United States District Court, Western District of Washington, Seattle
ORDER GRANTING DEFENDANTS' MOTION TO DISMISS
Marsha J. Pechman, Chief United States District Judge
THIS MATTER comes before the Court on Defendants Green Tree Servicing LLC and Federal National Mortgage Association's (“Defendants”) motion to dismiss Plaintiffs' claims under Fed.R.Civ.P. 12(b)(6). (Dkt. No. 7.) Having reviewed the Parties' briefing and all related papers, the Court GRANTS Defendants' motion and DISMISSES Plaintiffs' claims with prejudice.
Plaintiffs filed this suit on November 28, 2014, alleging violations of several statutes in connection with Defendants' scheduled non-judicial foreclosure on their property. (Dkt. No. 1.)
Plaintiffs allege violation of 12 C.F.R. § 226.39, part of the Truth in Lending Act (“TILA”), breach of contract in connection with 15 U.S.C. § 1635, violation of the Racketeering Influenced and Corrupt Organizations Act (“RICO”), 18 U.S.C. § 1962, civil conspiracy, and assert claims for declaratory relief and to quiet title. Plaintiffs' main contention is that Defendants do not have adequate proof of ownership of the debt and, therefore, cannot foreclose on the property. (See Dkt. No. 1 at 8–9.) Defendants now move to dismiss, arguing that Plaintiffs have failed to state a claim upon which relief can be granted. (Dkt. No. 7.)
I. Legal Standard
A. Dismissal Pursuant to Fed.R.Civ.P. 12(b)(6)
Under Fed.R.Civ.P. 12(b)(6), the Court may dismiss a complaint for “failure to state a claim upon which relief can be granted.” In ruling on a motion to dismiss, the Court must construe the complaint in the light most favorable to the non-moving party. Livid Holdings Ltd. v. Salomon Smith Barney, Inc., 416 F.3d 940, 946 (9th Cir. 2005). The Court must accept all well-pleaded allegations of material fact as true and draw all reasonable inferences in favor of the plaintiff. Wyler Summit P'ship v. Turner Broad. Sys., 135 F.3d 658, 661 (9th Cir. 1998).
Dismissal is appropriate where a complaint fails to allege “enough facts to state a claim to relief that is plausible on its face.” Bell Atl. Corp. v. Twombly, 550 U.S. 544, 570 (2007). A claim is plausible on its face “when the plaintiff pleads factual content that allows the court to draw the reasonable inference that the defendant is liable for the misconduct alleged.” Ashcroft v. Iqbal, 556 U.S. 662, 678 (2009). As a result, a complaint must contain “more than labels and conclusions, and a formulaic recitation of the elements of a cause of action will not do.” Twombly, 550 U.S. at 555.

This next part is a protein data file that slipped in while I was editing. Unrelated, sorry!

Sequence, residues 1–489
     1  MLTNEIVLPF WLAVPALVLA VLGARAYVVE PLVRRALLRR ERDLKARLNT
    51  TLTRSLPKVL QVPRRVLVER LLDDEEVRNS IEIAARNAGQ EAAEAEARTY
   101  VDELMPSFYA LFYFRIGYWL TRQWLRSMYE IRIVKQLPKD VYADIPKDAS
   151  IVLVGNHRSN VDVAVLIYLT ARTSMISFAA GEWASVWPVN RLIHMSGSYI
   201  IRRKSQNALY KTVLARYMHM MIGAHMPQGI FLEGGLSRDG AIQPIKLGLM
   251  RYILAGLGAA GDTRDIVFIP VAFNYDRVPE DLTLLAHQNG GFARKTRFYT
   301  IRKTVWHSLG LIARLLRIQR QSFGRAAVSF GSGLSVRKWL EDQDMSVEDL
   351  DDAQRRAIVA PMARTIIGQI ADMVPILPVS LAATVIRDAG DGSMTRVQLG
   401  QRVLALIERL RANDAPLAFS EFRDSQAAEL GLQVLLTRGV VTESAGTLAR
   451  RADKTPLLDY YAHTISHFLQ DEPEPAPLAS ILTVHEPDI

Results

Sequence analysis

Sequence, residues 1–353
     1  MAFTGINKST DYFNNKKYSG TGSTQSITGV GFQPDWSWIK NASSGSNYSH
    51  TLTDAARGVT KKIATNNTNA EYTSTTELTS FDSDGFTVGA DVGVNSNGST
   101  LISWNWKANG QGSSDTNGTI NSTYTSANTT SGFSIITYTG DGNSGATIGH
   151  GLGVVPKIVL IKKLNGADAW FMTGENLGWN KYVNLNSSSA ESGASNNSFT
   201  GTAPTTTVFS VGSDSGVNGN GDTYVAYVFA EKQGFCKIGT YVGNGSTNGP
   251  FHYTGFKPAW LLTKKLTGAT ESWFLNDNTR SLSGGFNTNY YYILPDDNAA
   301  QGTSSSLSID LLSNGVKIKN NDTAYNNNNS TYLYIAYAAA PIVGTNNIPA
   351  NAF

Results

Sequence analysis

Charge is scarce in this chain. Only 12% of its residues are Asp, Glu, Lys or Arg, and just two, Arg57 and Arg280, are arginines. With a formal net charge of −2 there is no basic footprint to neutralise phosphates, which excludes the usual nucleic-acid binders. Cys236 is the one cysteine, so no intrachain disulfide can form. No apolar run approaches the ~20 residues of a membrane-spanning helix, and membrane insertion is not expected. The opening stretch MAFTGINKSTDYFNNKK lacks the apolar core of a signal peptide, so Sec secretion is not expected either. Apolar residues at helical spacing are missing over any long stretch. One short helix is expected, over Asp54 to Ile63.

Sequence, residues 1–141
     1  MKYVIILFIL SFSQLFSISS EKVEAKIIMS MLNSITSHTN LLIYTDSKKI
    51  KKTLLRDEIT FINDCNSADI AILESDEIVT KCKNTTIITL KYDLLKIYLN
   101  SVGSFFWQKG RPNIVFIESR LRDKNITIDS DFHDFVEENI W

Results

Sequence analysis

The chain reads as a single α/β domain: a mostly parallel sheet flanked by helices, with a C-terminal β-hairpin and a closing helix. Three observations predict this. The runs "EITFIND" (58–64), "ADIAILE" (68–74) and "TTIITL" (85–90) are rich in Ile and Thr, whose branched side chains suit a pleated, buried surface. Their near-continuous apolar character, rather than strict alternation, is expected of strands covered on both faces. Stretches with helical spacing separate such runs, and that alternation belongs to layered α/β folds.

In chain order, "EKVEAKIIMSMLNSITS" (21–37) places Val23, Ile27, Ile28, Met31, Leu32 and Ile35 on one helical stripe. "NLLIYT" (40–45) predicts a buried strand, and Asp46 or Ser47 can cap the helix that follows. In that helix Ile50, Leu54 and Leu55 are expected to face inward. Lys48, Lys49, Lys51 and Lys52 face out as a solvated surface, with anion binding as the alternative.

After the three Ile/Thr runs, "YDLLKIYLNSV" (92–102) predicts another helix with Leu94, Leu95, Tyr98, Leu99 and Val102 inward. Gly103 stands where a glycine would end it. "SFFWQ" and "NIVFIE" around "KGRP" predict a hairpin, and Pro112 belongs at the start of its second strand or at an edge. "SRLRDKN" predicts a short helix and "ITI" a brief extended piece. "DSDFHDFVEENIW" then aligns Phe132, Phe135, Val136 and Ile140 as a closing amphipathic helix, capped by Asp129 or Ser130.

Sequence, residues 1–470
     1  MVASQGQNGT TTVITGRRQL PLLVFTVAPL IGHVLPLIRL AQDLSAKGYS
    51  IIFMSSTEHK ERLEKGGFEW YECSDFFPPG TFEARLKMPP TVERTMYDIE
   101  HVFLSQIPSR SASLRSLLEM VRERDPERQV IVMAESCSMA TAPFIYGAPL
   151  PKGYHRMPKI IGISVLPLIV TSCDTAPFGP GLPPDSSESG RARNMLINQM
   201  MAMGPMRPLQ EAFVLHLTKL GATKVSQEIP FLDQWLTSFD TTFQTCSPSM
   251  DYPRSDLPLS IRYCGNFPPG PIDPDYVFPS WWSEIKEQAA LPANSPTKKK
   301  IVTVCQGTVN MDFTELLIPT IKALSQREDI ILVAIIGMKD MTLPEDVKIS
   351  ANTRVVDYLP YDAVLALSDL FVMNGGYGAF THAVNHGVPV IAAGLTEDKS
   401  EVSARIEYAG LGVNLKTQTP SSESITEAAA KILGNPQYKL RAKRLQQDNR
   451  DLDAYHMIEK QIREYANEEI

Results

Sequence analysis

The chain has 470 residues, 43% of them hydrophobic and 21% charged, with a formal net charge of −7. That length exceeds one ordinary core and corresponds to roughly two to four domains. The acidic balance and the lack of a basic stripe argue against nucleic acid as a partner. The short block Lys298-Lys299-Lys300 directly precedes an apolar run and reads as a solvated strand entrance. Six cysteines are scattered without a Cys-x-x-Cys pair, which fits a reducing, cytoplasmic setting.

II. Defendants’ Motion to Dismiss
Defendants move to dismiss Plaintiffs' complaint under Fed.R.Civ.P. 12(b)(6) for failure to state a claim. (Dkt. No. 7.)
A. Quiet Title
Plaintiffs' first cause of action seeks to quiet title to their property and seeks a declaration that “the title to the Subject Property is vested solely in Plaintiff and that Defendants have no right, title, estate, lien, or interest in the Property and that Defendants and each of them be forever enjoined from asserting any right, title, lien or interest in the Property adverse to Plaintiff.” (Dkt. No. 1 at 16.) Plaintiffs argue Defendants must cease foreclosure proceedings on the property because “none of the Defendants are the holder of the [promissory] Note, and none of them can prove that the Note is secured by the Deed of Trust. . . .” (Id.) Defendants argue Plaintiffs' claim to quiet title is both legally deficient and inadequately pleaded: Defendants are not, and could not be, asserting an ownership interest in or a right to ...